It's a 13th Century castle on a hill, and there's quite a lot left of it. To my surprise it had been more of a show castle than a defensive structure; that somehow doesn't fit with the view I have of that time! I should revise. The castle, though, left little room for doubt; its windows were bigger than mine.

It was a beautiful, sunny day; a good day for visiting such a decorative structure that overlooked the Fowey valley. And I would rather have hiked Dartmoor, but one can't have it all, and if one can have this it isn't too bad!

Restormel Castle as its presents itself to the approaching visitor

The castle from the inside

Spring flowers growing from the walls

The dreamy view over the valley

The somewhat silly sight of intimidating, more-than-a-metre-thick, crenellated walls, with enormous windows...

07 April 2012

Not a nerd

I was in Ireland. I had limited access to slow and relatively expensive internet! That must have been the reason I completely missed the 1024rd blog post. And, especially given the mitigating circumstances, I think I can still claim some level of nerdiness, but I'm not up there with the die-hards!

Ireland: the visual and social aspects

The ireland fieldwork is not just travel, work and then travel again! A good fieldwork has a social aspect. And this one sure did. And it of course also had unexpected moments of beauty. I figured I may well combine these two to one happy blog post.

There are many, many millipedes in Lisdoonvarna! This one resided in my bath. I evicted it; I figured we would both be happier if he went outside.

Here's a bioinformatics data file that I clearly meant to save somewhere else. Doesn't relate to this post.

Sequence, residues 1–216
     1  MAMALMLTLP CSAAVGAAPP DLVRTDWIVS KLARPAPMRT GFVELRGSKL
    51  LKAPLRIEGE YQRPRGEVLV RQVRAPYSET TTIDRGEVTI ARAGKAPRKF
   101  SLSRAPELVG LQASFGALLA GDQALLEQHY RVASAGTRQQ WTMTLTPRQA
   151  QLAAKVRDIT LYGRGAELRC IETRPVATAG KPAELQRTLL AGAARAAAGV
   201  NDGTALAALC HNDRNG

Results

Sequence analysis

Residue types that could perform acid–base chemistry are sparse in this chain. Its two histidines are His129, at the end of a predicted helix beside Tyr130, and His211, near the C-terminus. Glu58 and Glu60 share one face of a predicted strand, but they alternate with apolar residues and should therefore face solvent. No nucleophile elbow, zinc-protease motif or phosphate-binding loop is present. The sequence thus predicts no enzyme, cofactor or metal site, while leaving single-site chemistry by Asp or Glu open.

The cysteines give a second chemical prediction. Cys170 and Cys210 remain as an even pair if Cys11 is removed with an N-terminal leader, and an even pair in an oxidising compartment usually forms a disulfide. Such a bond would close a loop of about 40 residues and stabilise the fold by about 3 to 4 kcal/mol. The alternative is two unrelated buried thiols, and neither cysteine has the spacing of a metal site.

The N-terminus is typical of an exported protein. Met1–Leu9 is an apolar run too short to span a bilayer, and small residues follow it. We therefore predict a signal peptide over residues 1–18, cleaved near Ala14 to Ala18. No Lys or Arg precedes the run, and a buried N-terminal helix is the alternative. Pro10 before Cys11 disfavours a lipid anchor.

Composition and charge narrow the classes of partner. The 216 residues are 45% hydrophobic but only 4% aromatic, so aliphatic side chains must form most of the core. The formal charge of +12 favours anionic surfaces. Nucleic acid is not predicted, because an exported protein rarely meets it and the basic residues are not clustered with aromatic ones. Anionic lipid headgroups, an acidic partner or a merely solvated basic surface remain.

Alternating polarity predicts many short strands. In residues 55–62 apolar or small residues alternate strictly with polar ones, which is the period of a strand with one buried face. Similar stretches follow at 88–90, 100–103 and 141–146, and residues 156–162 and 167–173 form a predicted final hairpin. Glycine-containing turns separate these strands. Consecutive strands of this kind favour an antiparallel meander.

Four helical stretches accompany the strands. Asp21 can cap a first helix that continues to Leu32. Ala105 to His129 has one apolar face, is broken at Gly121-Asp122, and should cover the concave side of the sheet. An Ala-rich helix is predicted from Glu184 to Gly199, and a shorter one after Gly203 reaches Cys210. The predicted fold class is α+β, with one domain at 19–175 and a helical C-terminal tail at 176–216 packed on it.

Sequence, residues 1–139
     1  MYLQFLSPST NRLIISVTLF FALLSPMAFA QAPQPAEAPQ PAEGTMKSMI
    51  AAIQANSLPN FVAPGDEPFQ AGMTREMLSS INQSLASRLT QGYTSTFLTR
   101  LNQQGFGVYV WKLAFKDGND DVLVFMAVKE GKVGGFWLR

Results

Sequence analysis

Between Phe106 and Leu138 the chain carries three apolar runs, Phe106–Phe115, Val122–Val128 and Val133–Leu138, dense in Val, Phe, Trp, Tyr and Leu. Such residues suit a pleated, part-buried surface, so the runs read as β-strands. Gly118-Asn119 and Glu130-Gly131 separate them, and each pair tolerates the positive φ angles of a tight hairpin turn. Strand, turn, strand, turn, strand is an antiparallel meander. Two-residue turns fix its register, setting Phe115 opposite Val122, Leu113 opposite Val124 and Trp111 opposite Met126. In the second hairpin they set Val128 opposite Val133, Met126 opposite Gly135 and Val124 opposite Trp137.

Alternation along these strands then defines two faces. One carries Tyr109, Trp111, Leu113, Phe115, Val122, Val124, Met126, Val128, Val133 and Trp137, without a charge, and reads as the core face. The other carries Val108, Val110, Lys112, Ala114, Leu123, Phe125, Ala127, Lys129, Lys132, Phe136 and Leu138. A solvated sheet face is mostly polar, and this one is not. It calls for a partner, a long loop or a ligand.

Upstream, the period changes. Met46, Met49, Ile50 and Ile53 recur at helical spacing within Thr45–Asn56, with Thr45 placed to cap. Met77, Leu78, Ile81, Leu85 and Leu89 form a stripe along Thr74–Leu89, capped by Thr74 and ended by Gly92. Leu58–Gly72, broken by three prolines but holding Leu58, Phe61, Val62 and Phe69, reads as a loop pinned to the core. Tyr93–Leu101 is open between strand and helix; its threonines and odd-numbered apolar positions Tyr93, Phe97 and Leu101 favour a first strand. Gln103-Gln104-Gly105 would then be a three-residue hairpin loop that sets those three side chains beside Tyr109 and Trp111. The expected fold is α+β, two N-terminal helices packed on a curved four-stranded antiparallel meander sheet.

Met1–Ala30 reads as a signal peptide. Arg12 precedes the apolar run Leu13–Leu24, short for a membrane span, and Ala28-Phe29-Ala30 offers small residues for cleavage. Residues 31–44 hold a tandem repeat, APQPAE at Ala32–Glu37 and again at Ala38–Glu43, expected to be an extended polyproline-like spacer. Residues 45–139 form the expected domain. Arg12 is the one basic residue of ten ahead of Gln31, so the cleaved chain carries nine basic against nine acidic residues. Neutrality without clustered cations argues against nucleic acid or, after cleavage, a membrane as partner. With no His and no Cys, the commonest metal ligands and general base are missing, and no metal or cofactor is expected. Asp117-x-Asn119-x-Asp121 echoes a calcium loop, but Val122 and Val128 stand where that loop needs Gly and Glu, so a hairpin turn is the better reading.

We were with 14 members of staff. That's quite a lot! And most are spiffing people with whom it is a pleasure to hang out for a week. Some of them I don't get to see very often in daily life. And with some, things were comfortingly normal; I had brought my running kit, and just like in Plymouth I went running with Pete every second day. Not before lunch, evidently; we had to reschedule to before breakfast. Not my best running time, but better than nothing. Pete had already scouted out a good 4 mile route from the hotel before we even got there!

One day I woke up, and figured it would probably be almost time to get up to go for our run. I looked at my watch: 7:09! I was supposed to meet Pete in the lobby at 7:05... I jumped into my running kit, dashed down the stairs, handed my room key to the receptionist who said "ah, there you are! He just left a minute or so ago..." So I dashed out of the door. I ran like mad. I ran out of town, and where the views became a bit broader I discerned a yellow dot on the road ahead of me. Pete! I shouted, but he couldn't hear me. 

Breathing heavily I ploughed on. I knew there was a sharp turn coming up; maybe there he would be able to hear me. But he didn't. I ran on and on. Then I saw him run a little loop. A loop! He must have seen me, and started looping to give me the opportunity to catch up. No; he had just dropped his hat...

In the middle of our run there was a long, gradual slope down. I know I can't possibly outrun Pete on a slope up, and on flat terrain I have little chance either, but Pete's not a very fast descender. So I legged it. And yelled again. And this time he heard me!